A top class performer
Almost half a century after he last performed in a school concert with the CNS orchestra, acclaimed violinist Stephen Rowlinson is returning to Norwich for a very special event. Derek James reports.
His musical career began at school in Norwich – and took him to the stars.
It was 47 years ago that Stephen Rowlinson last played in a school concert with the orchestra of the City of Norwich School.
Tomorrow he will once again be surrounded by scores of children clutching instruments and music and nervously waving to parents in the audience.
Stephen, who has just retired after 30 years as a violinist with the London Symphony Orchestra, was inspired to become a musician by his time at CNS.
Tomorrow, Friday April 1, he will be playing alongside CNS pupils and staff at St Andrew's Hall as the school celebrates its centenary. He was just 18 the last time he led the orchestra, of what was then a boys' grammar school, in a concert at St Andrew's Hall.
From there he went on to the Royal College of Music, the Royal Philharmonic Orchestra and the London Symphony Orchestra. His career has taken across the globes with concert tours in America, China, Japan, India, the Gulf states and all over Europe. He was also part of the orchestra which played on the soundtracks of the Star Wars films. He can be heard on the soundtrack of many, many films, including the latest Harry Potter, and is about to start recording for the final Harry Potter movie.
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Stephen began playing the violin at Lakenham Junior school. 'The headteacher came into the room and asked whether anyone wanted to play the violin. I wasn't the kind of child who ever put my hand up, but I just felt my arm going up. It was a kind of compulsion!' he said.
He went on to join the CNS orchestra and the Norfolk Youth Orchestra and has very fond memories of his old music teacher, Hugh Skeens.
Earlier this month he returned to CNS to rehearse with today's school orchestras and music groups. 'It was very, very weird. There are so many ghosts, so many memories,' he said.
He was a pupil from 1956 to 1964, when the teachers were called masters and wore academic gowns. 'We were there to work. And we worked!' he said. 'I got a huge amount out of it. It set me up for life. I loved learning about things.'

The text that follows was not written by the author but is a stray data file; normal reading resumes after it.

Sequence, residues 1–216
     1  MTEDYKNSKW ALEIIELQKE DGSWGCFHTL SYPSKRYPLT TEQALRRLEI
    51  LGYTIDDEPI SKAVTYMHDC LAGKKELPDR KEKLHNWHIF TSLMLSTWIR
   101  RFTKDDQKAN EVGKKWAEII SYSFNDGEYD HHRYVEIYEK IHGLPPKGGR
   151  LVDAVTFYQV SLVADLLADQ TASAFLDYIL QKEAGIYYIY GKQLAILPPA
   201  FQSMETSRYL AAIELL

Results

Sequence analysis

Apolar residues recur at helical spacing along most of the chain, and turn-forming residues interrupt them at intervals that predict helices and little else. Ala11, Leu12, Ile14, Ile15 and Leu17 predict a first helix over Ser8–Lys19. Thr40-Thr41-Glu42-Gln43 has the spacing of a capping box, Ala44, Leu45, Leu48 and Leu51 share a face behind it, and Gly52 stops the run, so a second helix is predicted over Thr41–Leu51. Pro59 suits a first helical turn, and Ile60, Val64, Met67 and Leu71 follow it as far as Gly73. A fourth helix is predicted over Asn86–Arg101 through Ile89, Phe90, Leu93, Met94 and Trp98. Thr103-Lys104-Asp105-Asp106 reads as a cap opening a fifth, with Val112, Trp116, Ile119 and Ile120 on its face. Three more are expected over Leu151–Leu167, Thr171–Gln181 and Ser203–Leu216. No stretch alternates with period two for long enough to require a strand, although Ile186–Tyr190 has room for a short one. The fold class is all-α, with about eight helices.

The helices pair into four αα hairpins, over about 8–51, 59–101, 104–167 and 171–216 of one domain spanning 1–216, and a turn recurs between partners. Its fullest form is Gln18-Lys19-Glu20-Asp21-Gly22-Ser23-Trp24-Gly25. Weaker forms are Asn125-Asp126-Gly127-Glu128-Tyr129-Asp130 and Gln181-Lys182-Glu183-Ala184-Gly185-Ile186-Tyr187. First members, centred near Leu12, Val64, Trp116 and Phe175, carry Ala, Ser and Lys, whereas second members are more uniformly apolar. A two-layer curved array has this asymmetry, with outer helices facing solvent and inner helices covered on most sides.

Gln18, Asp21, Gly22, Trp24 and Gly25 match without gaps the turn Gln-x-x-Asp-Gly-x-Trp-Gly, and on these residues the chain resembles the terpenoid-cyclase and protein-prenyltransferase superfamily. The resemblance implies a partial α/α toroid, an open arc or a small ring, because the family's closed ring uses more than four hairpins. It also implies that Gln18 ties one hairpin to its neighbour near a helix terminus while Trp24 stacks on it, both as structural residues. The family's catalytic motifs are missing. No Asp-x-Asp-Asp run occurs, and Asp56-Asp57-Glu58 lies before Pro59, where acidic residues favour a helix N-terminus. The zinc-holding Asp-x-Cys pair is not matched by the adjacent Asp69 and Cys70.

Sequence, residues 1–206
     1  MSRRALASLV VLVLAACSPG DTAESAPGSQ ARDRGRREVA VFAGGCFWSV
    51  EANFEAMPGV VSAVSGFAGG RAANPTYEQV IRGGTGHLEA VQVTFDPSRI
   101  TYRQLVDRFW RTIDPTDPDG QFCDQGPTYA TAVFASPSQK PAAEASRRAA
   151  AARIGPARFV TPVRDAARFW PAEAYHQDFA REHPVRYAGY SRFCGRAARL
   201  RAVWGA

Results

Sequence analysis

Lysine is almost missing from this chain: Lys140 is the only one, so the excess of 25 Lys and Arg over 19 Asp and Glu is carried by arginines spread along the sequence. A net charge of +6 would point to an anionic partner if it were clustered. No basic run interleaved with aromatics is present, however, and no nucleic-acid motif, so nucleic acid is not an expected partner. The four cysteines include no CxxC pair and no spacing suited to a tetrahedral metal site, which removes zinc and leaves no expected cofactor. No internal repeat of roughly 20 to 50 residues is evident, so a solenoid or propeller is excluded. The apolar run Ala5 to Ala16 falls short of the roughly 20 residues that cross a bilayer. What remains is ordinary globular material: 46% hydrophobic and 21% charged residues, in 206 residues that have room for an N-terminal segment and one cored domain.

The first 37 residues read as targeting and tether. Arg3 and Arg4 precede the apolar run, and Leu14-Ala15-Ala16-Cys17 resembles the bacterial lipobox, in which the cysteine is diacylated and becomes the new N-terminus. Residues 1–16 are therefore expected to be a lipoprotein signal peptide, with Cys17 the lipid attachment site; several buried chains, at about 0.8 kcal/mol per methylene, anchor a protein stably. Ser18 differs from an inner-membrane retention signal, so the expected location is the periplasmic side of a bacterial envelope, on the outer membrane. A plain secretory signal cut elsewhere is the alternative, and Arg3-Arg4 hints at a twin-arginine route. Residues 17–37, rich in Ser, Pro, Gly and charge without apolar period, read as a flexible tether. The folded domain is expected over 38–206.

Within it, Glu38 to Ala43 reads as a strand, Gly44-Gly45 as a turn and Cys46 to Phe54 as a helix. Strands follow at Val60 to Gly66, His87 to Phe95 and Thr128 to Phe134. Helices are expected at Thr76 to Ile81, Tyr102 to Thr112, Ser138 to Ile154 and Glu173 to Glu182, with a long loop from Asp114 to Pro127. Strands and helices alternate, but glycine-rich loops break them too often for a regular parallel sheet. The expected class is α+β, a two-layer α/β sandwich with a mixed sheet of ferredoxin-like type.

Today Stephen, 65, lives in London. He is married, with two grown-up daughters, but still has a brother and a cousin in Norfolk.
Present-day CNS music teacher Zoe Rasmussen has organised tomorrow's centenary concert and said: 'With the school's reputation for excellence in music, it has been a mammoth undertaking to prepare students for such a unique event.
'During the process of inviting former students to come back and perform with us, it has been lovely to hear the happy memories recalled at CNS and of the high standard of music making.
'Many past students have become highly successful professional musicians and are quick to point out that this is in large part due to their musical education here.
'This proud tradition lives on and every year CNS students leave us for music college or to undertake further studies in music.'
The centenary concert begins at 7.30pm tomorrow in St Andrew's Hall. Tickets are �6 for adults, �3 for children and �15 for a family of two adults and two children.
Other VIP past pupils who will also join the school orchestra for the first time in many years, or decades, include Peter Stevenson, who had a distinguished career as a professional musician and was an examiner for the Associated Board for 30 years and opera singer Andrew McWilliams, who performed at Prince Charles' 60th birthday celebrations.
The programme includes Elgar, Mozart and excerpts from Handel's Messiah and the chance to see professional and staff musicians perform alongside the school's jazz bands, concert band, percussion groups and choir.
And if, like Stephen, you were once a CNS pupil – and are keen to see how the school looks today – you are invited to a special centenary open day from 11am to 4pm on Saturday. Walk in through the 'forbidden' front door, find your old form room or see if you can spot your friends in the photographic display.